Remembering a Remarkable Life and Leader

Written by Plant With Purpose on September 28, 2011 in General

In Memoriam, Professor Wangari Maathai

By Lars Stairs-Almquist, Grant Writing Intern

As I awoke on Monday and proceeded to reinact my morning ritual of coffee-sipping and scattershot perusing of various news feeds from around the world, headline after headline engaged me with a variation of “Wangari Maathai, Nobel Laureate, Has Died.”  Tears soon welled up in my eyes for a woman I had never met, yet who has had a tremendous impact upon my life.

Five years ago, I was handed a copy of Professor Maathai’s memoir, Unbowed.  I could not have known at the time how influential her words would ultimately be in my life.  I cracked the book open, and before I even reached the Table of Contents, I was met with a very simple rendering of an Old Testament Scripture:

The trees of the field will yield their fruit and the ground will yield its crops; the people will be secure in the land.  They will know that I am the LORD, when I break the bars of their yoke and rescue them from the hands of those who enslaved them.

– Ezekiel 34: 27[NIV] 

Ms. Maathai’s reference was the first I can remember encountering that connected care for the environment with the overarching biblical theme of liberation from slavery and injustice.  As I continued reading, I was consumed with the intersecting and interdependent themes of environmental reforestation, the grassroots empowerment of women and poor farmers, and the role of protecting scarce natural resources as an avenue for preventing violent conflict.  I would soon learn that Professor Maathai’s efforts further connected care for the environment with the presence of good governance and the creation of a democratic space where the participation of all individuals is welcomed.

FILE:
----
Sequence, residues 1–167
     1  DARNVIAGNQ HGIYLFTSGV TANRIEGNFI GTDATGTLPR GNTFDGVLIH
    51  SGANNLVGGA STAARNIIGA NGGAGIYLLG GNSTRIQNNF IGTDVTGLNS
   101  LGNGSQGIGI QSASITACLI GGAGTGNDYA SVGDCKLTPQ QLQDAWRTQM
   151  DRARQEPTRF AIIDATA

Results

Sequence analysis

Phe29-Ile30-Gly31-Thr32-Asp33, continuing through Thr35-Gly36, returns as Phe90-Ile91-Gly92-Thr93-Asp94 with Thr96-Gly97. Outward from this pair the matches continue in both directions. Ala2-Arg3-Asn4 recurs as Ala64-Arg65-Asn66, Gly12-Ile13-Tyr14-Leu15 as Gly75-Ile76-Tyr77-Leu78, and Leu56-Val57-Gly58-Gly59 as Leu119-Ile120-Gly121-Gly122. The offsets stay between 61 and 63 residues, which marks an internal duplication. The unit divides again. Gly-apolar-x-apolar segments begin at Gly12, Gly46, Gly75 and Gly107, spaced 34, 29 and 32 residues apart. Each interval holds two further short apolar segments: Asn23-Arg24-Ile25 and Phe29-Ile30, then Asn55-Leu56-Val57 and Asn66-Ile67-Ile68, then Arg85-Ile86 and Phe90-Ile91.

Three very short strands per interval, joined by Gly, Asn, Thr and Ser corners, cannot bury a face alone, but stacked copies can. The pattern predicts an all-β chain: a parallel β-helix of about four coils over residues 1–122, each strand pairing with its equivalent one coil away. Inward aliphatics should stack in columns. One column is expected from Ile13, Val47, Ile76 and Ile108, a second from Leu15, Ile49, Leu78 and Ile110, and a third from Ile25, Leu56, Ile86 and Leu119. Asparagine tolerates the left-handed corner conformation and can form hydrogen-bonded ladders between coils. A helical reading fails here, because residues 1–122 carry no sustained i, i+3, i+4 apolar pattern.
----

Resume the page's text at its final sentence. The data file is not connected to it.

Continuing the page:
Maathai recognized from a young age that economic and environmental policies and practices inherited from the British colonial system emphasized the clear-cutting of Kenyan forests for the purpose of planting cash crops in rural areas.  Such practices contributed to the altering of native landscapes and a subsequent increase in the rate of soil erosion, processes that further silted existing watersheds and contaminated drinking water used by both livestock and human beings.  People and animals in these areas were more susceptible to water-born diseases, and found themselves less productive than when indigenous agricultural techniques and models were implemented prior to the adoption of western agricultural practices.  

Maathai’s organization, The Green Belt Movement, further recognized that cash crops intended for export were increasingly occupying land previously dedicated to produce food for Kenyan communities.  In response, Maathai gathered tens of thousands of rural Kenyan women to engage in forestry techniques that encourage communal participation in contributing to the public good, civic engagement in pursuit of democracy, and the economic and social empowerment of individuals and their families.  In addition to deepening the roots of democracy and civic participation in Kenya, their efforts have resulted in the planting of nearly 50 million trees over the past four decades.

Reflecting on their efforts, Professor Maathai has remarked, “The Green Belt Movement had provided a laboratory of sorts to experiement with a holistic approach to development that dealt with problems on the ground but also examined and addressed their individual and systemic causes”.  Such a laboratory has intentionally included undereducated rural Kenyans, as Professor Maathai insists, “you don’t need a diploma to plant a tree”.  She was a global forerunner in implementing reforestation efforts that incorporate the dispossessed poor into the process of sustaining their environment.   Maathai’s belief that such processes have the capacity to draw individuals who could be forced into competition over scarce land resources into interdependent relationships with their neighbors in ways that enhance their mutual benefit and reduce future risks of scarcity-induced conflict has transformed the way in which international practitioners of peacebuilding and development work approach the relationship between environmental degradation and violent conflict. 

In honor of her decades of service to the poor and marginalized in Kenya, as well as for her commitment to environmental stewardship as a vehicle for peacebuilding and the promotion of good governance, Wangari Maathai was awarded the Nobel Peace Prize in 2004.  She remains the only African woman to have won the award. 

Asante sana, Professor Maathai.

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